Scenes from Shakespeare in the Park on a balmy June night.

May: Looking back, looking ahead

My heart is full and my head is still spinning from a magical few days spent in the Crescent City. I visited New Orleans for the first time back in October, when DUCHESS performed at Snug Harbor and the Boswell Sisters Revue.  To put it mildly, the city got under my skin in a big way, so when E. and I were deciding where we’d like to go for our first real vacation in several years, we immediately chose New Orleans.  The trip was pure pleasure, with every day spent eating and drinking (oh, how we ate and drank), walking through various neighborhoods, and delighting in incredible music literally around every corner.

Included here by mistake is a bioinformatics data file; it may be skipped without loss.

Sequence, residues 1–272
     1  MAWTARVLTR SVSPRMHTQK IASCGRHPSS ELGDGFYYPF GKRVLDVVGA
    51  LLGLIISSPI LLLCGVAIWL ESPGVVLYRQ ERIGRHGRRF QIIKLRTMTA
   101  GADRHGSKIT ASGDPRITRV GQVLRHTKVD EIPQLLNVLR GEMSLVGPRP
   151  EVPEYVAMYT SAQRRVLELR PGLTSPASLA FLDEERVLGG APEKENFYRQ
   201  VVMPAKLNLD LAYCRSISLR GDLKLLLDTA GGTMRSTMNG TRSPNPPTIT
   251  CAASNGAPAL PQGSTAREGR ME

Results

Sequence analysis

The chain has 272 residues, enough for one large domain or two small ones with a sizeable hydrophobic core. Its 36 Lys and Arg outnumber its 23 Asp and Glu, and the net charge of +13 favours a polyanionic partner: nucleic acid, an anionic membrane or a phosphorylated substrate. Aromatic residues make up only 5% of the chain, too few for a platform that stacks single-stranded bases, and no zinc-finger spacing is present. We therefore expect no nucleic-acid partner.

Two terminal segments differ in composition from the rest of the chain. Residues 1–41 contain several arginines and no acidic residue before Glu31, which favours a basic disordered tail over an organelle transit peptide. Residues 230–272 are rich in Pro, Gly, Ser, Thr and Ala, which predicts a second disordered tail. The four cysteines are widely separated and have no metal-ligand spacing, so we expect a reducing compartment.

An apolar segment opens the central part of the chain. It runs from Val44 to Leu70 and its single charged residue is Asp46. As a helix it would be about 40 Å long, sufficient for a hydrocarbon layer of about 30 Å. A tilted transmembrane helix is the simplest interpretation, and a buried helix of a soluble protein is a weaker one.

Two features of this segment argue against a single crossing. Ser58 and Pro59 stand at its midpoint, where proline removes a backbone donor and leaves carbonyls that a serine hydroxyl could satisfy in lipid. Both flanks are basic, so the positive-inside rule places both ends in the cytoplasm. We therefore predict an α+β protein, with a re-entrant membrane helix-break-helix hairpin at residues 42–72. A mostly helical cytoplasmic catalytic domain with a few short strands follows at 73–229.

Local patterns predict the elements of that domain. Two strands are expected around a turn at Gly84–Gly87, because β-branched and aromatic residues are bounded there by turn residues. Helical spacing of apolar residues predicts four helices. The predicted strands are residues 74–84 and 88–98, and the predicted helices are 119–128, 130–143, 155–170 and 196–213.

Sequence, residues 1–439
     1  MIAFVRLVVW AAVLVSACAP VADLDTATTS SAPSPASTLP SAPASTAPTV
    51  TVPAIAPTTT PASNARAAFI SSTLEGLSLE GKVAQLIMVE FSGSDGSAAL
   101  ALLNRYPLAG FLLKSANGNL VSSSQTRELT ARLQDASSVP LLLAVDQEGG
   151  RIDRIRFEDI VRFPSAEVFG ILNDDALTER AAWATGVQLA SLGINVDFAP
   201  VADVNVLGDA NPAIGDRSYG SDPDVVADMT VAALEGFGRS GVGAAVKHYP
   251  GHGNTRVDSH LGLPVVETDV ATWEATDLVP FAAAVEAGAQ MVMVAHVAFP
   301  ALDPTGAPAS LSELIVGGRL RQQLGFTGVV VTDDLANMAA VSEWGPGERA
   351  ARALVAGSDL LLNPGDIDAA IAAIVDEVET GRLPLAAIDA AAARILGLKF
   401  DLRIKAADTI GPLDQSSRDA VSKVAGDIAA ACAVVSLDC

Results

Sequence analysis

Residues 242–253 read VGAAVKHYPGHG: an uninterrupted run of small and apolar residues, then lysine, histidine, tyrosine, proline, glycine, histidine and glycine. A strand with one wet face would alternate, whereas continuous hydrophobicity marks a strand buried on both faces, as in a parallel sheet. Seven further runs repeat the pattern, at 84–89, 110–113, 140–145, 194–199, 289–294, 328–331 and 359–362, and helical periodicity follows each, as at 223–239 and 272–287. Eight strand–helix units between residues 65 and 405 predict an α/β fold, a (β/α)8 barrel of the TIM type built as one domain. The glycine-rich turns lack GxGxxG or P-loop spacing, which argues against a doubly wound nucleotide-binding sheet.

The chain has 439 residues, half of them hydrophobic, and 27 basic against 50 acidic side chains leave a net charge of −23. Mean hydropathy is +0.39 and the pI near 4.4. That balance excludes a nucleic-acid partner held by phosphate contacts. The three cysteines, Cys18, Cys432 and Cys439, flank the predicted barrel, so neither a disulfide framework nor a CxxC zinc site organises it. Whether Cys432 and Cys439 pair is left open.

Jackson Square under moody skies.

Jackson Square under moody skies.

I fell completely under the spell of JoAnn Clevenger, the septuagenarian proprietress of Upperline, a restaurant that will forever be New Orleans to me, both in spirit and cuisine.  E. kibitzed with Debbie Lindsay, who co-owns Kitchen Witch, a vintage cookbook store (!) in the French Quarter.  Debbie told E. stories about Cosimo Matassa and Allen Toussaint while ringing E. up for a mint-condition Ray Charles box set—because of course Kitchen Witch also sells CDs and vinyl. And late one night at the Spotted Cat, I caught up with an old friend and native New Orleanian, Kevin Louis, swinging out on trumpet and vocals with the New Orleans Jazz Vipers.